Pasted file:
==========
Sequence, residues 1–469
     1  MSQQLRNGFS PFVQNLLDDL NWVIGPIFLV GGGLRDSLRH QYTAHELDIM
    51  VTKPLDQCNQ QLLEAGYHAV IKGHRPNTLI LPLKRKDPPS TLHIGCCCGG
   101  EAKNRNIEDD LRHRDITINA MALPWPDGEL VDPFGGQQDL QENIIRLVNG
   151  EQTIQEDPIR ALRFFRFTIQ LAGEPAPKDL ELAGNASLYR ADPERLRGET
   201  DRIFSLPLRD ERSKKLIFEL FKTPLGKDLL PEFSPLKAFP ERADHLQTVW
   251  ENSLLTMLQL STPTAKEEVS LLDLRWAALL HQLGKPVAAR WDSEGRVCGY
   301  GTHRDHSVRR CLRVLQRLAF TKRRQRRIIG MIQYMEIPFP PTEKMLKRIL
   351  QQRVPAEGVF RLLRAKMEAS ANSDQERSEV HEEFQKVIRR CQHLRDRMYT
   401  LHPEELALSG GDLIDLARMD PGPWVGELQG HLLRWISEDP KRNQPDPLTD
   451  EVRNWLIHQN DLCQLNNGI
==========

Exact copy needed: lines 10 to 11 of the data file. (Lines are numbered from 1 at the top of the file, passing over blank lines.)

   401  LHPEELALSG GDLIDLARMD PGPWVGELQG HLLRWISEDP KRNQPDPLTD
   451  EVRNWLIHQN DLCQLNNGI